Will a planning referendum in Cumbria catch on elsewhere?
The 4,000 residents eligible to vote in the first local planning referendum live in the most sparsely populated area of England.
Voters in Cumbria's Eden Valley will be polled on a plan for housing and development drawn up by one of the new neighbourhood planning groups.
The issues involved in the poll are very specific, and very local, but what's happening in the Eden Valley area is being closely watched.
Under the government's Localism Act, communities are encouraged to get more involved in planning decisions and help shape local policy.
The plans they prepare will have legal force if passed by a simple majority in a referendum.
These neighbourhood plans must adhere to national planning laws, and meet the strategic objectives set by the local authority.
They cannot be used to block development outright, but they can give residents a say about where houses are built and what they might look like.
The government says there are about 20 other neighbourhood planning referendums in the pipeline.
More than 500 groups are said to have expressed an active interest in neighbourhood planning.
Places like the Eden Valley have a track record of community engagement - it was in the vanguard of David Cameron's Big Society idea.
Consequently, local people are used to forming themselves into committees to influence local issues.
But will the idea catch on around the country?
Layer of complexity
Most professional planning organisations are broadly in favour of the principle of community engagement.
They say that good local planning policy should have the support and consent of local people.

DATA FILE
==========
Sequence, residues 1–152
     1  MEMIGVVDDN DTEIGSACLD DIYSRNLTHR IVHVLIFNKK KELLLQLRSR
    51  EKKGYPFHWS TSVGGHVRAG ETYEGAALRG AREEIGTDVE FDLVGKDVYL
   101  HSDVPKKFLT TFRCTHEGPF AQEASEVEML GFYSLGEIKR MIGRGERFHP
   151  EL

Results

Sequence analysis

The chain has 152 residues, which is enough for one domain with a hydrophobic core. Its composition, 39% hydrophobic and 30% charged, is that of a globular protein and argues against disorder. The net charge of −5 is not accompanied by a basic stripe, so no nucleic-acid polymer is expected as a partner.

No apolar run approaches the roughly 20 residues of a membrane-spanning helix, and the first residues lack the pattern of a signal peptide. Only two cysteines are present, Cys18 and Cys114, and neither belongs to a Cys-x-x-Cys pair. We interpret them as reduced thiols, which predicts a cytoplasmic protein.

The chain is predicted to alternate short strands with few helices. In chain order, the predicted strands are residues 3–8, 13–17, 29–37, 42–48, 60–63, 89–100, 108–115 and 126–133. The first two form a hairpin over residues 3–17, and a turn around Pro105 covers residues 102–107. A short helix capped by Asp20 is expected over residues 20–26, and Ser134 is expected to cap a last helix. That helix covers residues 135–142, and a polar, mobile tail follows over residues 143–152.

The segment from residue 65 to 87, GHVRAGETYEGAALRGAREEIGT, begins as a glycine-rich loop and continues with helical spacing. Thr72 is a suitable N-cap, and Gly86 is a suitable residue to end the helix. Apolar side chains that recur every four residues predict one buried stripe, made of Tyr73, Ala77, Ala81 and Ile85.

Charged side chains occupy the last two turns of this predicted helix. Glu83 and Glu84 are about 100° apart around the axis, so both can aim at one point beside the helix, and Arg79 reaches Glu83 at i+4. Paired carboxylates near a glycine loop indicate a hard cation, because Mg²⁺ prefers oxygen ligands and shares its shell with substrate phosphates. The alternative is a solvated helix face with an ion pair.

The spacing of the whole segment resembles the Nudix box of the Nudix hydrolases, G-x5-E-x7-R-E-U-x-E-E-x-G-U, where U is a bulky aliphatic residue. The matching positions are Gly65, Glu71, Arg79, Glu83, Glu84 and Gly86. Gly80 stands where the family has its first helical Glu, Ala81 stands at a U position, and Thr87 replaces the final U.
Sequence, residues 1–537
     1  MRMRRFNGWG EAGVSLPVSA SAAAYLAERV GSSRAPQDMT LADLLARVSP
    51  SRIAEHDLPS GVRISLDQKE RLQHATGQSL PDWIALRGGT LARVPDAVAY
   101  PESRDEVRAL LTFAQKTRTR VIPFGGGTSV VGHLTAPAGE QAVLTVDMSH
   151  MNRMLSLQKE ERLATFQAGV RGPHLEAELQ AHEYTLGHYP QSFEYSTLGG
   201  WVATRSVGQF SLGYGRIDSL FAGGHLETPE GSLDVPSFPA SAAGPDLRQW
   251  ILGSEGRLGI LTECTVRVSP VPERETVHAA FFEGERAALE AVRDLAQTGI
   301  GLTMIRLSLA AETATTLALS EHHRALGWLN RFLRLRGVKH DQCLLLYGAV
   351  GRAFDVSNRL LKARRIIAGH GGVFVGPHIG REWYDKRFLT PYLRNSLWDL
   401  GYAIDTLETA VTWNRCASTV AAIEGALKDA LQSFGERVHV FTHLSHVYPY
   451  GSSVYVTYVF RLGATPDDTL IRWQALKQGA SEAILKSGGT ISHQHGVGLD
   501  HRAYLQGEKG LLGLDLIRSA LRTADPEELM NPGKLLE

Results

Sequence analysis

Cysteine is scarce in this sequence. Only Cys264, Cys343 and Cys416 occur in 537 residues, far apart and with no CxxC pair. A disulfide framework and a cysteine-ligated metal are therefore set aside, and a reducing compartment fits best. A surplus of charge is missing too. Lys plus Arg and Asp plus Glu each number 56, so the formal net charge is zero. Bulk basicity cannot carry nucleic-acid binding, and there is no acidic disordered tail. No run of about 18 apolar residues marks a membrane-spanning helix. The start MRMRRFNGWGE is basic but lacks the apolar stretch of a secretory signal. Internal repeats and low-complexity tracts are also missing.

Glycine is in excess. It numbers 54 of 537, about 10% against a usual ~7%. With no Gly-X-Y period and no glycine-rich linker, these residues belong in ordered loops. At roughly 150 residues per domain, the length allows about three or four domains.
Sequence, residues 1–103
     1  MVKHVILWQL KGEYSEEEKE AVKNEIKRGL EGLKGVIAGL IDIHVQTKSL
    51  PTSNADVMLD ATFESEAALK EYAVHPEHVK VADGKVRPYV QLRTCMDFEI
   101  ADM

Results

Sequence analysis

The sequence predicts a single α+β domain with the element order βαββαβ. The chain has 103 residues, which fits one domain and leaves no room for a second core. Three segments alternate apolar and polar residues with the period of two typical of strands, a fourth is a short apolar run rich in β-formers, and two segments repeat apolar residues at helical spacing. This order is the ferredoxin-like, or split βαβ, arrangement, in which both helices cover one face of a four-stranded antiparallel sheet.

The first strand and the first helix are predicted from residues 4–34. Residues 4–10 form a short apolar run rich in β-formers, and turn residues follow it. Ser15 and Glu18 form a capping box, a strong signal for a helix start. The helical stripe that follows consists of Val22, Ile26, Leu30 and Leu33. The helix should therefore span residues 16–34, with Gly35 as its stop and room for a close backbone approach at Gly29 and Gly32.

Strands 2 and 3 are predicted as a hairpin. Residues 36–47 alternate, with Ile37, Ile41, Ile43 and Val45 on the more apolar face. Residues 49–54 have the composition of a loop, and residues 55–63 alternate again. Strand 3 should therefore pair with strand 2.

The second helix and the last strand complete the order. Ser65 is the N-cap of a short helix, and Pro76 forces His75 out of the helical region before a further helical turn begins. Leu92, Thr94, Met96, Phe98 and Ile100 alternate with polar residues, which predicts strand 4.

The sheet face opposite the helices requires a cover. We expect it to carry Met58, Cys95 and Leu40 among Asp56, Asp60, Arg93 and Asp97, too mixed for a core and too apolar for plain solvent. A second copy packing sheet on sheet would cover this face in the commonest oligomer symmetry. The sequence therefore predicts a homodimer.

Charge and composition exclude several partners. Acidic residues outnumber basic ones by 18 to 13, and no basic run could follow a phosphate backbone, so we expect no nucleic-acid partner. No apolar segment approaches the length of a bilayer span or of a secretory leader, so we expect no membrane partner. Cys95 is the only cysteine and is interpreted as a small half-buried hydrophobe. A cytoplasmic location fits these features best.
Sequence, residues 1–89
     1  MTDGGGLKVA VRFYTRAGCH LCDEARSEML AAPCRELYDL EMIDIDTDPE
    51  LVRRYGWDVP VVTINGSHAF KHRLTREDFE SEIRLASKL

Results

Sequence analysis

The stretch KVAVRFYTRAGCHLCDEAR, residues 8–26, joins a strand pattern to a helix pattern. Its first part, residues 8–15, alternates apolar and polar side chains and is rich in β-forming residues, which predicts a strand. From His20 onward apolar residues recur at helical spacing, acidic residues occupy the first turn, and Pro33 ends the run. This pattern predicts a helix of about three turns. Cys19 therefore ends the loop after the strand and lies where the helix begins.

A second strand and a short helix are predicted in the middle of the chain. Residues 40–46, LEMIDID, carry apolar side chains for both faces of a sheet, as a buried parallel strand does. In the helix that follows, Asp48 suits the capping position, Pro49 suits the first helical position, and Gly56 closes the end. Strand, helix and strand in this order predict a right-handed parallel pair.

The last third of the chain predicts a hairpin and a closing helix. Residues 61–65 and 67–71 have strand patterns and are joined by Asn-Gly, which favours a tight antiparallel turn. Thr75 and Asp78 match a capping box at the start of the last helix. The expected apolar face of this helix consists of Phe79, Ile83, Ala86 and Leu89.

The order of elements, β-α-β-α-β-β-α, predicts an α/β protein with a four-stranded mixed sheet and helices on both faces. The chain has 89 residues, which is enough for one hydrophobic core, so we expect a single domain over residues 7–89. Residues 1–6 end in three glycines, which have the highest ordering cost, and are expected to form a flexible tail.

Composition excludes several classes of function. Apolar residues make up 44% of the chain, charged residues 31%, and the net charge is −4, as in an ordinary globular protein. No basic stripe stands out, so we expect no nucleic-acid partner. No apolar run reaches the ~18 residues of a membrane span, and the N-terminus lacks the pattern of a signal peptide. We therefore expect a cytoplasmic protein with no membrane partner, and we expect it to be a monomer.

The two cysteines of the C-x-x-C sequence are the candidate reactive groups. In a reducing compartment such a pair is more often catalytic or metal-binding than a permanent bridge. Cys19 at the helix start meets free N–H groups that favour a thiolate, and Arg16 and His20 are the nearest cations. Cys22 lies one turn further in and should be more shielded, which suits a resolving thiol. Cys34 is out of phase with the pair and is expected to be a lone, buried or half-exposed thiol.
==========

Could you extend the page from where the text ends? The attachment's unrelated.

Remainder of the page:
Some experts, though, wonder whether large numbers of residents will have the commitment and knowledge to complete the arduous process of preparing a neighbourhood plan and putting it to a local referendum.
There may already be faster and easier ways for people to engage with the planning process - perhaps by trying to help shape the local plan dawn up by the council for the whole area covered by the local authority.
Developers had been somewhat nervous about the new neighbourhood groups, initially fearing that they might be used by local residents to stall the construction of new homes.
But the building industry now supports the idea and developers have been given the safeguard that neighbourhood groups will not be able to propose a lower number of new homes overall.
Builders acknowledge the need to have the support of the community for new development.
That is not to say that every referendum will sail through unopposed, some of these local polls may be extremely controversial.
The status of these new neighbourhood plans is likely to be tested, to see what legal weight they have in practice over decisions on where and what to build.
The government says this is the beginning of a process of trying to make the planning system more open and responsive to the needs of local people.
But some may suggest it adds another layer of complexity.
The test will be whether neighbourhood planning results in faster, better decisions for the whole community.
Or whether it gives planning enthusiasts a new way to obstruct, delay and pursue their own narrow self interest.